Group attacks work much the same way, while in either situation a special bonus hit can be snuck in after each successful three-attack set, and a separate ability combo pops up occasionally for you to weave between your other attacks. Finally, you can spend your meter to briefly unleash an especially flashy Super Saiyan-style burst damage combo.

It takes a little getting used to, but I quickly wrap my head around it – and if you’re struggling to keep up, the game smartly adjusts its button highlighting to help you stay on top of the combos you’ve done recently and the ones you’re due to pull off next. It’s a really cleverly designed class, one that turns just a few hotkeys into a lot of possibilities.

FF14 Dawntrail preview - A Pictomancer using their spinning hammer attack on a dungeon boss.

I don’t quite wrap my head so neatly around the Pictomancer in my time with the preview build, but that doesn’t mean I don’t enjoy it; quite the reverse. The animation set is as delightful as early footage suggests – in particular the three-hit hammer combo feels fantastic to deliver, while the Splatoon-style slide is one of the most satisfying mobility abilities to use yet. Indeed, perhaps the most striking aspect of my time with Dawntrail is just how distinctive and creative both its new jobs feel.

Pictomancer also takes advantage of the new button-reduction system: its main single-target and AoE combos are delivered using just one hotkey each, with a second button to use a more powerful variant that acts as a way to spend your meter and build up to yet more potent attacks. Painting mid-fight does feel a little arduous, but the idea of building up several pieces of art in sequence to unleash especially devastating finales is a good one.

After a bit of experimentation, I group up with seven other people at the event to tackle a hunt mark – Queen Hawk. She’s a nasty one that quickly wipes most of us within a few seconds of our first attempt, courtesy of a buff that causes her to assassinate anyone who stands too close while it’s active. After four or five attempts, we get things down, and while I’m called away for my interview with Yoshi-P towards the end of the fight my group manages to carry me to victory nevertheless.

FF14 Dawntrail preview - A Viper fights a dungeon boss, watching out for a nearby incoming attack.

Before I dip briefly into the narrative side of things, let’s talk about dungeon mechanics – after all, Yoshida says he wants FF14 Dawntrail fights to feel less repetitive. For the most part, the trash pulls and the boss fights feel in line with what you’d expect from a modern-day FF14 dungeon, but it definitely feels a little more involved than you might expect from the first major encounter of an expansion. There’s even a particularly curious set of mobs halfway through that has some rather fascinating implications.

While they aren’t breaking hugely new ground, all three bosses were very fun. In particular, the second features a rather satisfying mechanic testing your ability to find the safe spot between four vine whips. The final encounter, meanwhile, packs in plenty of tricks, and gets stronger as the fight goes on by feasting on local prey and calling in a whirlwind that bounces around the arena delivering periodic spread attacks, forcing you to keep a close eye on your positioning at all times.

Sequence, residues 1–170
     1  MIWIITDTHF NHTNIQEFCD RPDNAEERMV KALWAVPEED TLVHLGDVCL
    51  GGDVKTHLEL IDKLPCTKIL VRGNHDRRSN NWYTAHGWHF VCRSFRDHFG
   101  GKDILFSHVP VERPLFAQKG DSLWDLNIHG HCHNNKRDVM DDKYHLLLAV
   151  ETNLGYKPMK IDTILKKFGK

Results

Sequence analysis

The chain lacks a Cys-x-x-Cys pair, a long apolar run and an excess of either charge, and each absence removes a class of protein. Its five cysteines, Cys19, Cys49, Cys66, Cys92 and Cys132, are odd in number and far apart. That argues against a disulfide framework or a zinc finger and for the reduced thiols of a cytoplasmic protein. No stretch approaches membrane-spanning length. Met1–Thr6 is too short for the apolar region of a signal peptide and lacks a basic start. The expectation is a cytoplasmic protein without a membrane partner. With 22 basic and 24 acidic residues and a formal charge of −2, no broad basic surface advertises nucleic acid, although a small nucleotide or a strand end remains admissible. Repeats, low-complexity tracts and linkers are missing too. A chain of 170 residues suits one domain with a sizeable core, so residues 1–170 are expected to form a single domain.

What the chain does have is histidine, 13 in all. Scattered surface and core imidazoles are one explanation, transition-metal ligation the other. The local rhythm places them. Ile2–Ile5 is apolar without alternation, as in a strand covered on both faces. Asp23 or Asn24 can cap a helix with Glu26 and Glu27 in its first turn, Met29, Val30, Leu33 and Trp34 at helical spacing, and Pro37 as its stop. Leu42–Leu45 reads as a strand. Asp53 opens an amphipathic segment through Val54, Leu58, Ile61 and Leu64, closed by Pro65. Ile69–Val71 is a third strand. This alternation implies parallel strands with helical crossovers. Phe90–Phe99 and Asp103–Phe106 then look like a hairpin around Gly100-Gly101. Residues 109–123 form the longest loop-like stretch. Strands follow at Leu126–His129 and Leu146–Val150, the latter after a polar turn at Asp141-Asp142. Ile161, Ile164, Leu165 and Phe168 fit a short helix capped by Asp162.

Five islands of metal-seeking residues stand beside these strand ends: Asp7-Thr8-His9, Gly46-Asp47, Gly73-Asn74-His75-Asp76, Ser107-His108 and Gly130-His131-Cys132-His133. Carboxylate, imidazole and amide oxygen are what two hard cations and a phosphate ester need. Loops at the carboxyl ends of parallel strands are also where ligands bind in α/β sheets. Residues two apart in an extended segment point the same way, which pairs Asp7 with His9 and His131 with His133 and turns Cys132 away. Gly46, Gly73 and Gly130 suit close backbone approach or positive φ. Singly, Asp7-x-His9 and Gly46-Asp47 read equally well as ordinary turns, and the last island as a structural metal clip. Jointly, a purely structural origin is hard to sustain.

While there’s almost no story to tell of in our preview, we do get a brief glimpse of it in the dungeon, which appears to be part of a contest between several of the rival factions competing to take charge. As our group’s path is diverted by sly acts of sabotage, the tone remains one more of light-hearted whimsy and wonder.

FF14 Dawntrail preview - The Warrior of Light is joined by Alphinaud, Wuk Lamat, and Krile on a dungeon adventure along beautiful wooded paths.

The competition may be serious, but these people are having fun, with the boundless enthusiasm of Wuk Lamat leading the way; it’s a far cry from the harrowing opening offerings of Shadowbringers’ Holminster Switch or Endwalker’s Tower of Zot. English localization lead Kate Cwynar tells me there will still be plenty of reasons to cry in Dawntrail, but this early section definitely feels more in line with the “big energy” she mentions in our interview.

So where does that leave us? Honestly, having just about wrapped up a replay of the full FF14 MSQ that I’ve spread across the past year, I’m more than ready for some easygoing enthusiasm. I’m certain the drama and the devastation lie in wait. Overall, however, my brief brush with Dawntrail has reassured me that when Yoshida says Creative Business Unit III is already lining up the next ten years of Final Fantasy 14, he and the team are actually in a position to deliver on that – maybe even more so than ever before.

Before you jet off to Tural, make sure you’ve sorted out everything on your FF14 Island Sanctuary with our handy guide. You’ll also want to keep a close eye on the FF14 server status and maintenance times, so you aren’t caught out by any pre-Dawntrail downtime.

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This article is based on time spent playing an in-development build of Final Fantasy 14 Dawntrail, and content in the final version is subject to change.